"You have become just like my parents," the young woman announced. "You are acting like a cop trying to police what I do instead
of understanding me."
It was a startling statement from a patient who was habitually cutting herself—a dangerous behavior not uncommon in someone
with borderline personality disorder (BPD)—and the young psychiatrist, early in his career, had only expressed what might
be considered a normal concern for her safety.
"Her harming herself made me feel like I was failing in my treatment of her," recalled Glen Gabbard, M.D. "I was becoming
increasingly frustrated and controlling, wanting to somehow force her to stop cutting herself."
For Gabbard, it was a striking lesson in the importance of transference and countertransference, the powerful feelings that
develop over time between patient and therapist, reflective of a BPD patient's sometimes troubled pattern of relating to early
parental figures and to people generally.
Later in his career, Gabbard would become involved in a study of long-term psychodynamic psychotherapy in which he and colleagues
at the Menninger Clinic attempted to measure, using audiotape recordings, how the therapeutic alliance improved or deteriorated
as a function of what the therapist said or did.
In a paper titled "Transference Interpretation in the Psychotherapy of Borderline Patients: A High-Risk, High-Gain Phenomenon"
in the Harvard Review of Psychiatry in 1994, Gabbard and colleagues revealed a remarkable finding: that transference interpretations tended to have a greater
impact—both positive and negative—than other interventions made with patients with BPD.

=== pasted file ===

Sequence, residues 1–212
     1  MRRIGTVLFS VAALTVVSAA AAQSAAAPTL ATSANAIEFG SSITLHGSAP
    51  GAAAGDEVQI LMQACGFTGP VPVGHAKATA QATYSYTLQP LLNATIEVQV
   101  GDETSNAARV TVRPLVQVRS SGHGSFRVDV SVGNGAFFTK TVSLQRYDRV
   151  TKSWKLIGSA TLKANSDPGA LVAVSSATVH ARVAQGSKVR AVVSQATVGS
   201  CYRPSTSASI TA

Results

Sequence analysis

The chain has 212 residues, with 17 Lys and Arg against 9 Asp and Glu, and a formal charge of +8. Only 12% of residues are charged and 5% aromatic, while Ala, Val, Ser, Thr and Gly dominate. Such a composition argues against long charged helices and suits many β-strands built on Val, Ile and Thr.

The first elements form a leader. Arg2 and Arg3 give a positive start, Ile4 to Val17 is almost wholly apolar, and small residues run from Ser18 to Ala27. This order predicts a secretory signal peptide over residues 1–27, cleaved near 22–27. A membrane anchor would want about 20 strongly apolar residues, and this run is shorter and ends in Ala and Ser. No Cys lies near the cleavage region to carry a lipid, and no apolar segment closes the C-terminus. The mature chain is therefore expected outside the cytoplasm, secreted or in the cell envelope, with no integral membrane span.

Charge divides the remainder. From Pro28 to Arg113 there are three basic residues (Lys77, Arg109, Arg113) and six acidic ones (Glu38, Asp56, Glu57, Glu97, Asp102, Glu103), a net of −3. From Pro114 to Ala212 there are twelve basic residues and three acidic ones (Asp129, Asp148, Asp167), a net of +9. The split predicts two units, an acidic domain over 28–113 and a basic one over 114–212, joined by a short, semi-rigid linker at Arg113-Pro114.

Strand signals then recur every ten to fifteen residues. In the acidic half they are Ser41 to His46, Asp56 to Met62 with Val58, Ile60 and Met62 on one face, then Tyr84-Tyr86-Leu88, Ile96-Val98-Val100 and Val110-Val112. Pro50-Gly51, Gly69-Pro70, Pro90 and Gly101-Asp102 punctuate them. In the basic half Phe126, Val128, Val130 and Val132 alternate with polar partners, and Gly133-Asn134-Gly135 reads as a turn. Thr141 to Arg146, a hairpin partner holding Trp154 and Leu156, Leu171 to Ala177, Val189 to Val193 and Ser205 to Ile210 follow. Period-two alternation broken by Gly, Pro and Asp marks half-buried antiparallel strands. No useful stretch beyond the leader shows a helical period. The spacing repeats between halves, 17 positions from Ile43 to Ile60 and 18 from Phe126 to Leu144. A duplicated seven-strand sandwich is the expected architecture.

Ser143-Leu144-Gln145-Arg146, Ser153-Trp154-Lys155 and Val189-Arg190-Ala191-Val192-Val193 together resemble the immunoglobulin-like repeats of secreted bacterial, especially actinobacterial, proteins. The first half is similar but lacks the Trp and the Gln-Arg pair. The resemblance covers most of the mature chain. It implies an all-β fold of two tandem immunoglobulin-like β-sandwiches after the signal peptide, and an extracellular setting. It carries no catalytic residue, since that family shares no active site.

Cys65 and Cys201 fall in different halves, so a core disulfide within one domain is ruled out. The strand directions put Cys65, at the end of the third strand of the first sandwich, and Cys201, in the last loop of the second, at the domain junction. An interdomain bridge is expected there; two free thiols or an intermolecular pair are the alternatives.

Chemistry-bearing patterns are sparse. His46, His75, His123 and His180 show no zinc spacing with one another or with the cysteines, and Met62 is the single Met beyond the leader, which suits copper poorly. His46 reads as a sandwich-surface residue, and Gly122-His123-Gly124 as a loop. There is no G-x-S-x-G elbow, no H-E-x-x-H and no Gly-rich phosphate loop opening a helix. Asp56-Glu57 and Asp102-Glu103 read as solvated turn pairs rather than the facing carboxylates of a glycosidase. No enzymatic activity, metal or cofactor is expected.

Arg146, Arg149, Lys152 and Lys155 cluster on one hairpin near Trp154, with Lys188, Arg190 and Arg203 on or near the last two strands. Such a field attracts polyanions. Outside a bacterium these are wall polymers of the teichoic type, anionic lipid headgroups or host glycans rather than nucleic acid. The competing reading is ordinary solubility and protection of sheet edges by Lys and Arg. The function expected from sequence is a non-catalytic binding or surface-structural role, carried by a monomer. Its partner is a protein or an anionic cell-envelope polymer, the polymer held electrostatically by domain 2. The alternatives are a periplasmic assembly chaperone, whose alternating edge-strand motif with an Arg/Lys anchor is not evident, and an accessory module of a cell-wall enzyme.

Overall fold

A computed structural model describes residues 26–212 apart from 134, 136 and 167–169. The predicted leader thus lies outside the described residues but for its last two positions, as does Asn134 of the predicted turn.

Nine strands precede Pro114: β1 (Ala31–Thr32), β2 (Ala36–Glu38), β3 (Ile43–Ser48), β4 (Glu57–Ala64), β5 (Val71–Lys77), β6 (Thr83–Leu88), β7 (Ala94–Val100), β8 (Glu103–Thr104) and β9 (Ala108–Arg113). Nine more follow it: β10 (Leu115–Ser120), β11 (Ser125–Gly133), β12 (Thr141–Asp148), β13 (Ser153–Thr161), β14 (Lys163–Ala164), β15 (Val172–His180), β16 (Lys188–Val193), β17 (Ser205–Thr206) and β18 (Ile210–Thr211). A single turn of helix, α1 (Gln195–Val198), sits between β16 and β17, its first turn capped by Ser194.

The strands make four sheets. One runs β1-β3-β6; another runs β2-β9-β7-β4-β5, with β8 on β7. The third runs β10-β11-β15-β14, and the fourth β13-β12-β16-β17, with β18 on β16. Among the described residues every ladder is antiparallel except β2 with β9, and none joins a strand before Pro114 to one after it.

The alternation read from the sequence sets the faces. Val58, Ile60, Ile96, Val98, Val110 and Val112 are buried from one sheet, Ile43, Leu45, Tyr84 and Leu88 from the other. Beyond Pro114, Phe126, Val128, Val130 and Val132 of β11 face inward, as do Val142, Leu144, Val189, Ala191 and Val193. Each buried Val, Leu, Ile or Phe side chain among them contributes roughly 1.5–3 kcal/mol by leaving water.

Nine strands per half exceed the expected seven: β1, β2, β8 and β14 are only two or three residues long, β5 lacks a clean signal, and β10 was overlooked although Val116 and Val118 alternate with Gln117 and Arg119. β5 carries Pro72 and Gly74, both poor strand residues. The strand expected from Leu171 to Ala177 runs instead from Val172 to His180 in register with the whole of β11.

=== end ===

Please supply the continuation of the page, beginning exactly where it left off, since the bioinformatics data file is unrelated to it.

The interpretation can be therapeutically beneficial or disastrous—hence, "high-risk, high-gain"—depending on the timing and
the sensitivity of the therapist's approach. "What we concluded is that it is very important for the therapist to pave the
way for the interpretation with empathic, supportive comments that make the patient feel understood, valued, and cared about,"
he told Psychiatric News. "Just as a surgeon needs anesthesia to operate, so a therapist needs a therapeutic alliance to be able to interpret something
going on in the relationship."
Otherwise the patient may feel attacked—not unlike the self-harming patient of Gabbard's early training. "But if there is
a sense that the patient is feeling validated and understood, over time the therapist may be able to say —I can appreciate
that having grown up with a critical father, you might be very likely to hear me as critical.—"
Gabbard's remarks reflect a career-long interest in the value of psychodynamic psychotherapy—and the psychoanalytic principles